Are you insane? Overly ambitious? One major not challenging enough for you? If the answer is yes to any of these questions, then you might be a candidate for a double major! Double majoring is a feat of astounding proportion and only those that have truly examined double majoring should pursue it.
Reasons to double major
1. If the second major relates to your future goals as a professional then it might be beneficial to add a second major. For example, a student wishing to become a music therapist at a University that doesn’t offer that major might want to double major in music and psychology. In many cases, two separate majors can overlap in course requirements. This can also help the student more easily obtain both degrees.
2. Sometimes a student’s progress at the college has accelerated to the point where the amount of credits and classes towards the original major has exceeded the track planned for the student. Oftentimes freshmen can enter with many general education classes out of the way after taking AP or IB classes in high school, which apply for college credit. In this situation, it may be possible to begin major courses right away and by the time the freshmen is a junior, their program may almost be completed. In these cases it may be easier to double major.
3. You are ambitious. Academic drive and ambition can carry students through the college careers with flying colors. If you just feel one day like adding a second major with no real reason other than interest, go right ahead, but know that it may take you a little longer to graduate or you may be taking a completely full load each semester.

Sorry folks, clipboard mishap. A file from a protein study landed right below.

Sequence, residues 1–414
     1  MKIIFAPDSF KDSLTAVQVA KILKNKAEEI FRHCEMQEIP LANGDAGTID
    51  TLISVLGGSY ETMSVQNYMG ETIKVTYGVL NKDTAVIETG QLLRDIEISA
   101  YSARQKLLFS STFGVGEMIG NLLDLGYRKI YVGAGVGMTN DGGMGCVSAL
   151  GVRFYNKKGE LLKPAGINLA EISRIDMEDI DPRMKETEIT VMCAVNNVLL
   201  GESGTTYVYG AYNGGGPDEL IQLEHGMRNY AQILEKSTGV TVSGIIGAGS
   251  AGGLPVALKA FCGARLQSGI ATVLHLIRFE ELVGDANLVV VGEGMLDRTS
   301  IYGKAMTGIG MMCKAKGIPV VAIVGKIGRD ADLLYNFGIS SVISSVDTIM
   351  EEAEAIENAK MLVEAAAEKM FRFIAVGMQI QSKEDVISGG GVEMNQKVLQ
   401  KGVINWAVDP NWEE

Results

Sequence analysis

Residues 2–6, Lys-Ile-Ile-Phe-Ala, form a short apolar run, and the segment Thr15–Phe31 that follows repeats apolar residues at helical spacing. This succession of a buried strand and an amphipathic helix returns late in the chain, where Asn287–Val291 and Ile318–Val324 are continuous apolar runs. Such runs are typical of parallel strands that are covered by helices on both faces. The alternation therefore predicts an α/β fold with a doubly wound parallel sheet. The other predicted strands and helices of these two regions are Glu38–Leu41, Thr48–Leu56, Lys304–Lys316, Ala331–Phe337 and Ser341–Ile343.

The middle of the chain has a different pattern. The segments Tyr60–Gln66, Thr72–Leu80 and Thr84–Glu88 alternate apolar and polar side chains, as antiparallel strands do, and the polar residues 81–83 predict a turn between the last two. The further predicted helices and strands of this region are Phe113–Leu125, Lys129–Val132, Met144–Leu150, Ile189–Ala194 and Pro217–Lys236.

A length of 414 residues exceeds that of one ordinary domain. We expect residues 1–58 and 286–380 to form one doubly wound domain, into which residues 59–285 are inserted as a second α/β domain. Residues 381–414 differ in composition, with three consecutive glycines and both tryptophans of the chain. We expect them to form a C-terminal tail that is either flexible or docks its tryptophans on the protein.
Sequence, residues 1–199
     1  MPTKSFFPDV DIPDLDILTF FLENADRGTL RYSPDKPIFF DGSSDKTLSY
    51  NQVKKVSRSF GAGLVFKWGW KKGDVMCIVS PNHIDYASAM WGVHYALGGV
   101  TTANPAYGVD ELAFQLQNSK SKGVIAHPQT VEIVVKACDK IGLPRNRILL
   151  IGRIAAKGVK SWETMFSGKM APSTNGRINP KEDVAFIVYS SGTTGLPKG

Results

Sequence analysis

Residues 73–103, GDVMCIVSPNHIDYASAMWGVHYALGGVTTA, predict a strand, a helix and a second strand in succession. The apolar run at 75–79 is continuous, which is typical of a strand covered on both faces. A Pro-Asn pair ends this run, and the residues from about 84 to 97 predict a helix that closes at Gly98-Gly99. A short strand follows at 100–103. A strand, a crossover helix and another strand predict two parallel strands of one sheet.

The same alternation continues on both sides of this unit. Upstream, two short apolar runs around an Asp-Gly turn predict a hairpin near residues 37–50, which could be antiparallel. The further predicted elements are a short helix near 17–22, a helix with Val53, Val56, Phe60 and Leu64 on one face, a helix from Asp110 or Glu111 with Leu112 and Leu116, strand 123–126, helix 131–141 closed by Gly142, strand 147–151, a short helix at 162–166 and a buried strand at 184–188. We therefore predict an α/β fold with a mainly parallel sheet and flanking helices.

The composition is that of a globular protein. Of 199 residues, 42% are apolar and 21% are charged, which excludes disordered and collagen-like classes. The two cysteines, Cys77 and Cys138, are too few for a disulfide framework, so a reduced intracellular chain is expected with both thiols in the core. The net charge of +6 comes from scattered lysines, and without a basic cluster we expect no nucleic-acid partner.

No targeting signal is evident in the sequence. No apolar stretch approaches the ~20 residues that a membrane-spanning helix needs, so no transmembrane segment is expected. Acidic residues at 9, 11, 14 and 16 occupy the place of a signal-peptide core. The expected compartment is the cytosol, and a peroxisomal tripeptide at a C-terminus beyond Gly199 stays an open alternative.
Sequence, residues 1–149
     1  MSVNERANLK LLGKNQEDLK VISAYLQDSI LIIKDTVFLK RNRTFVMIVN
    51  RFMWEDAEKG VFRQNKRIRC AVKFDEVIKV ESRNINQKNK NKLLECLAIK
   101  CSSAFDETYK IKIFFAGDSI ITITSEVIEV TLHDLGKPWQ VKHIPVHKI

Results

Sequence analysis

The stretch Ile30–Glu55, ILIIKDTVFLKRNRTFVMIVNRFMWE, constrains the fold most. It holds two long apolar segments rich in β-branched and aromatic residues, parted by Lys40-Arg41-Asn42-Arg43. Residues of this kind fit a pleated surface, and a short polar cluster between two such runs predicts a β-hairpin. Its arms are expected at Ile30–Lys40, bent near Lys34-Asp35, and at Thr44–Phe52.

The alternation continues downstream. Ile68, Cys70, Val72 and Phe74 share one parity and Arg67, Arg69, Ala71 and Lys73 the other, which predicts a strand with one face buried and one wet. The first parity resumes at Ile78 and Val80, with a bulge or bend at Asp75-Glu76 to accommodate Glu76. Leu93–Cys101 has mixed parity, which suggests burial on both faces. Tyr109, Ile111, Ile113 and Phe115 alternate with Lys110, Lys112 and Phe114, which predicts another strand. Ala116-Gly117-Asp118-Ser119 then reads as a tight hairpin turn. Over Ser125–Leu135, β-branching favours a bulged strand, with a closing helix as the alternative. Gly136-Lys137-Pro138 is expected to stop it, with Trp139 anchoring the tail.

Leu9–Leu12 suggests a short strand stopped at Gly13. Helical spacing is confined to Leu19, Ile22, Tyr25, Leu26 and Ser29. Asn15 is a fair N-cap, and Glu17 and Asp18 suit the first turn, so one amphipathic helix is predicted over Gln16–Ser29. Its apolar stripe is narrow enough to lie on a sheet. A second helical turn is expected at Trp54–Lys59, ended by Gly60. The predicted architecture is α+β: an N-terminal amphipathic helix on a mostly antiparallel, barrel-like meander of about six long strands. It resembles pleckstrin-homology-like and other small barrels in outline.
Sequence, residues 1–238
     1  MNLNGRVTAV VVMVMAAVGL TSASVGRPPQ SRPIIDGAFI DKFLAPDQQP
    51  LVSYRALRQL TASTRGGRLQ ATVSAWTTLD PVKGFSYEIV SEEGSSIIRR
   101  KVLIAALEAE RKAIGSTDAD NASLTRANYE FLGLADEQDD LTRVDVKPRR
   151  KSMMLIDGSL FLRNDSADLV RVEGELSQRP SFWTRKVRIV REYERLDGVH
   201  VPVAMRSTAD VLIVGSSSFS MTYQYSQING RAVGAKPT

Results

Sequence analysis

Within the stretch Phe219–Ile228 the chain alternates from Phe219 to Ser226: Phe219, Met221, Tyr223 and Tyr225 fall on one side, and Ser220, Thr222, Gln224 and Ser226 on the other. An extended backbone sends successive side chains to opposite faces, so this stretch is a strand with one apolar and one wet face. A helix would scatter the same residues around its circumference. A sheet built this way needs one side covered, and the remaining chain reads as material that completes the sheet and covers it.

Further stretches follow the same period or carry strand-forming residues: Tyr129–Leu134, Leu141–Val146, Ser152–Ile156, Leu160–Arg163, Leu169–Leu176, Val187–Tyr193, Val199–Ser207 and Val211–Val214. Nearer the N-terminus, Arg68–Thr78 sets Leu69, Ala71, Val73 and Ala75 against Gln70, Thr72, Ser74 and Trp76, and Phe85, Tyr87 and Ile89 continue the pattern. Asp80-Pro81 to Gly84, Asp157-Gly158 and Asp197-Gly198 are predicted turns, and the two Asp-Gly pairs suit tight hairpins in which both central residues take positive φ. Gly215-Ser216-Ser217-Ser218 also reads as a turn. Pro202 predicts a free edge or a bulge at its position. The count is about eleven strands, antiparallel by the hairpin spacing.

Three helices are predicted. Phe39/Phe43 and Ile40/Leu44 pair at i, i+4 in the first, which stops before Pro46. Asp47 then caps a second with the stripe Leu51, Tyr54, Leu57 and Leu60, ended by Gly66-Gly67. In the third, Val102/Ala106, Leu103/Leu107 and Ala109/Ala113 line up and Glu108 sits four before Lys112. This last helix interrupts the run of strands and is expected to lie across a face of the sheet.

Things to consider
1. Fine arts programs are much harder to double major in than other letters and sciences programs. For example, obtaining a BFA in Theatre and a BFA in Music credit-wise puts you at about 4 and half years or more, rather than four. Know that a Bachelors of Fine Arts generally requires more credit hours than a Bachelors of Arts or a Bachelors of Science. When picking a second major, consider choosing a degree with less credit requirements that you can finish in four years.
2. It is possible to double major and graduate on time, but it must be well planned and organized. Start as early as possible, and although this can be difficult especially if you are a freshman and don’t really know what you would like to major in yet, but decide as soon as you can. Visit your campus’ registrar office to check the logistics of your plan. Also talk to faculty in both programs to see if it is at all possible to double major in the two programs and graduate on time. The faculty are the best people to ask as they are the most experienced with the two majors.
3. Why not add a minor? If you find that adding a double major would be too overwhelming, try minoring! It’s usually quite a few credits less than majoring and provides you with knowledge that a major would also come away with.
4. If you are a freshman and considering a double major, be wary. College students change their majors throughout their careers in school. If you know for sure without a doubt that you want to double major, go for it, otherwise keep in mind that your academic goals and future may change.
The decision to double major is a difficult one, but if you have the desire, go for it. You can change your major an unlimited amount of times as a college student, and most students do. Remember, the longer you indecision continues, the more semesters you will add onto your college career. College is exciting and the opportunities to major in different areas are attractive, but pick the areas that most interest you and benefit your academic goals.